Wednesday, June 30, 2010

Sugar cane : arsenic :: love : marriage

Whew! Deriving today's title required summoning dusty recollections of analogies from the recesses of my mind. Anyway, many locals know one of Hilo's worst-kept secrets: that Hilo Bay and environs are polluted with arsenic, a by-product of the Canec industry. Canec is a building material, made only in Hawaii, that was popular and cheap, and made from sugar cane stalks treated with arsenic.

From 1932 to 1963 the Hawaiian Cane Products plant in Hilo manufactured Canec from bagasse, the fiber left after sugar cane stalks are crushed for their juices. The process included treating Canec with arsenic to deter insects and minimize mildew. Although Canec hasn't been manufactured in decades, contamination survived. At least one study reported arsenic concentrations in the sediments of Hilo Bay as high as 6370 ppm, approximately 34 times higher than anywhere else in the state.

A few years ago the plan was to cover shoreline soils with three feet of fresh soil. I'm not quite sure what that would--or did--accomplish, since the proposed fix seemed as ineffective as the discredited "solution to pollution is dilution." Nevertheless, as recently as late April, the Hawaii Tribune Herald reported that work was continuing on efforts to cover up contaminated soil on the site of the future Target and Safeway stores in Hilo, where high levels of arsenic, dioxins and petroleum compounds were found.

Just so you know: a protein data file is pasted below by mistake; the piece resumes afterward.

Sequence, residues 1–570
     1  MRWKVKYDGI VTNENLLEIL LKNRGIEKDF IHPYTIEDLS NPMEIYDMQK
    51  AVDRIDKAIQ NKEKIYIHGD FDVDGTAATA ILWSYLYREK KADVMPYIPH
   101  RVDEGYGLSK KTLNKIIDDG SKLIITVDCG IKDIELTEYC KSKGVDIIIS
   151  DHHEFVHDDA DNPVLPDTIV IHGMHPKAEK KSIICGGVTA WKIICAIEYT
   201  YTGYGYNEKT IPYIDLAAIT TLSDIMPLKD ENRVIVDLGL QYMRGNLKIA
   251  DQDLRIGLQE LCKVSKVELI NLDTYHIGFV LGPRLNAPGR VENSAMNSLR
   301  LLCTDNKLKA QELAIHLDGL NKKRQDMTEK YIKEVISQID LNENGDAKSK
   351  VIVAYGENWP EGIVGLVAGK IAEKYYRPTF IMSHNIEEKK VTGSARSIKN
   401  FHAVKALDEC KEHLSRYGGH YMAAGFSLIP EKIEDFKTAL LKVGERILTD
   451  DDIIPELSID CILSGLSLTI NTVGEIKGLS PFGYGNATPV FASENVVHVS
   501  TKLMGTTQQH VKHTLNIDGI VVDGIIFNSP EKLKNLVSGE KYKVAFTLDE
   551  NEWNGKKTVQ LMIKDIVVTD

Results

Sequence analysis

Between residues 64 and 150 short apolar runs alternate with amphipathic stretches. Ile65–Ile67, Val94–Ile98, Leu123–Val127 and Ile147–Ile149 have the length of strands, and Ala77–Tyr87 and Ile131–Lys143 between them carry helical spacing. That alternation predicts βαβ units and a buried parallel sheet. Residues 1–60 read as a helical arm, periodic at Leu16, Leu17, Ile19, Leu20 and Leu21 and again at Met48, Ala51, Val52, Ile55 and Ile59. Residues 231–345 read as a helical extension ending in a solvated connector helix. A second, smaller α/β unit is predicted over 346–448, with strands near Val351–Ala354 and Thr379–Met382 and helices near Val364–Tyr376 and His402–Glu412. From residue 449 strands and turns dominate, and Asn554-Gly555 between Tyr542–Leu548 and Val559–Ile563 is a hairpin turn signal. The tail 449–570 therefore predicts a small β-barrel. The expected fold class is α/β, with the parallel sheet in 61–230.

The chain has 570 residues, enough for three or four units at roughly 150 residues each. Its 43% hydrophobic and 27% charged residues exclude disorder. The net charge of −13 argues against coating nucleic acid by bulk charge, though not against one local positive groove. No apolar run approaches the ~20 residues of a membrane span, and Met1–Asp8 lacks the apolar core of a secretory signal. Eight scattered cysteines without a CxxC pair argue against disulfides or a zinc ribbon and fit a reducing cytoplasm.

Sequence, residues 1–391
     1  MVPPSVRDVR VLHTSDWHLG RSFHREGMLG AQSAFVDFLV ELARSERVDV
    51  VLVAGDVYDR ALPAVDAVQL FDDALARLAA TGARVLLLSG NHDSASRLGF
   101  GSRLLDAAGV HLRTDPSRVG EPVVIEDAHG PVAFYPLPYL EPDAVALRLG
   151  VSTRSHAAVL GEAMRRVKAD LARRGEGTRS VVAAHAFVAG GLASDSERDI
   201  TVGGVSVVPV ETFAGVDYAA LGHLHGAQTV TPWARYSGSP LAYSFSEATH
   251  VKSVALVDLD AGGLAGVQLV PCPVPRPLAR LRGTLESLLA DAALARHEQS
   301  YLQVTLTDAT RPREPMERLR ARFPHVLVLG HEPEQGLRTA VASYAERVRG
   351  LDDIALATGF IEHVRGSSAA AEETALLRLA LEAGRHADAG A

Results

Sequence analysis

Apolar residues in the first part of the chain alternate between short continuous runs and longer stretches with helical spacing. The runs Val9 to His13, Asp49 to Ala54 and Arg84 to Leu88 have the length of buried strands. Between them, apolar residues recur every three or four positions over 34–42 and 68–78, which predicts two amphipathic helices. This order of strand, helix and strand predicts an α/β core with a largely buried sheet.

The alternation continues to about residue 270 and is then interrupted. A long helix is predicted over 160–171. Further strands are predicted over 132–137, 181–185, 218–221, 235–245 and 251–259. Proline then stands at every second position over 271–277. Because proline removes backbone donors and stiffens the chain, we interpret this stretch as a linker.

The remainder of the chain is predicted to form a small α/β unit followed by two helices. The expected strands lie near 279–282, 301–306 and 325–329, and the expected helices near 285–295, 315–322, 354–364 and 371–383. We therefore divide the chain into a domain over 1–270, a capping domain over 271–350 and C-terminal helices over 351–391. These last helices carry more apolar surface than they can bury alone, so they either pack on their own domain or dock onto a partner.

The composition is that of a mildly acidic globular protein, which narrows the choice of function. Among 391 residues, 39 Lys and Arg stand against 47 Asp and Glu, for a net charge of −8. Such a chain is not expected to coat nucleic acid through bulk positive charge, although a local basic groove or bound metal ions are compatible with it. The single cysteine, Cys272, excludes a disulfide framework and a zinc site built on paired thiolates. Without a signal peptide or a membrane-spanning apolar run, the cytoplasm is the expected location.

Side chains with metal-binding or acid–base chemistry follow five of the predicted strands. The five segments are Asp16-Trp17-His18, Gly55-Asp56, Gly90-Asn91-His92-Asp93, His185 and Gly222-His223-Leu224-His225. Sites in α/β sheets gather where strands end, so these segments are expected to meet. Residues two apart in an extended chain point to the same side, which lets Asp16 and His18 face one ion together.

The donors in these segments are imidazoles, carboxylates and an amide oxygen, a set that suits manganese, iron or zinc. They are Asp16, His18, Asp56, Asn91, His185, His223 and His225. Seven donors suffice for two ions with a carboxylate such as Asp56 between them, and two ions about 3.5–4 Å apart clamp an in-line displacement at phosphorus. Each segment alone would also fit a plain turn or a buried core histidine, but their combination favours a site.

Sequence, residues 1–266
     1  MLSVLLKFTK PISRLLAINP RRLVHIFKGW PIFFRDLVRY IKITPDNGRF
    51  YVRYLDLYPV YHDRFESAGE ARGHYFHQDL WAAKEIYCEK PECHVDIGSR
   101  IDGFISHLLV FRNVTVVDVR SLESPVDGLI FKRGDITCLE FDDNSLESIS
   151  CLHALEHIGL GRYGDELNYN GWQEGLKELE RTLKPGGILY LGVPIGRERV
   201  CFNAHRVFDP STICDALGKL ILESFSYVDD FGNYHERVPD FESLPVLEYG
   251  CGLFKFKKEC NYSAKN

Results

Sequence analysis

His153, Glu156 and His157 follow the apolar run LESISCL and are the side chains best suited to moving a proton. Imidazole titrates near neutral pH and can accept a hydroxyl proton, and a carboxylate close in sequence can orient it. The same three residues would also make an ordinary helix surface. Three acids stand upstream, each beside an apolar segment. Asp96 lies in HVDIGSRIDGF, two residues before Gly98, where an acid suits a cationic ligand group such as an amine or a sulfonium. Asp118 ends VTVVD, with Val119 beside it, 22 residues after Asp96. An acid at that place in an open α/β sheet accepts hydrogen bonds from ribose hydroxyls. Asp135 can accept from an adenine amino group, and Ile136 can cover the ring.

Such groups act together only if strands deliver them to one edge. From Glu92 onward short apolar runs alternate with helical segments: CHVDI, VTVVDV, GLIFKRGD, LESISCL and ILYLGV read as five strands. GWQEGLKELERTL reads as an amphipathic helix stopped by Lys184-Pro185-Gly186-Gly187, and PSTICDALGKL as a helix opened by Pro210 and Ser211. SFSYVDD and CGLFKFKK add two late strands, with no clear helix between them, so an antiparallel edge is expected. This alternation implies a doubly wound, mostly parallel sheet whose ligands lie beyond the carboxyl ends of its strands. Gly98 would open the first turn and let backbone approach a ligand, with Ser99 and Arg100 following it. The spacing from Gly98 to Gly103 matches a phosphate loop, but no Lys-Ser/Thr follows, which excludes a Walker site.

So, if covering up a heavy metals problem, well, only covers it, what's the alternative? Yup, you guessed it. Vetiver!

Research conducted at least since the mid 1980s confirms that Vetiver tolerates a wide range of soil acidity, alkalinity, salinity, sodicity, and elevated levels of Aluminium, Manganese, and heavy metals such as Arsenic, Cadmium, Chromium, Nickel, Lead, Zinc, Mercury, Selenium and Copper in the soil. (Truong, P., et al).

It also absorbs large quantities of heavy metals from industrial waste and, in the process, protects ground water from contamination, claim a duo of researchers at India's Kerala University.

In a paper presented at the Kerala Environment Congress 2010, concluded on Saturday, researchers D.S. Jaya and G. Dhanya report that the penetrating roots of fast-growing
Vetiver can effectively remove hazardous heavy metals from industrial effluents.

Since industrial waste poses a great threat to the environment, Vetiver will become a great boon, say the researchers, who are the faculty members of the Department of Environment Science of Kerala University. Vetiver planted around industrial firms that flush out metal-rich waste water will remove the metals from the water. "Thus the soil and ground water of the region will be protected without being degraded," Jaya said.

Large numbers of Vetiver plants could be grown in artificial wetlands around factories and industrial units and thus protect the environment, she said, adding that technologies were also available to recover the metals from the plant material.

"Another interesting fact is that the plants have shown different efficiency for absorbing different metals. Good results are shown for zinc, lead and cadmium," Jaya said.

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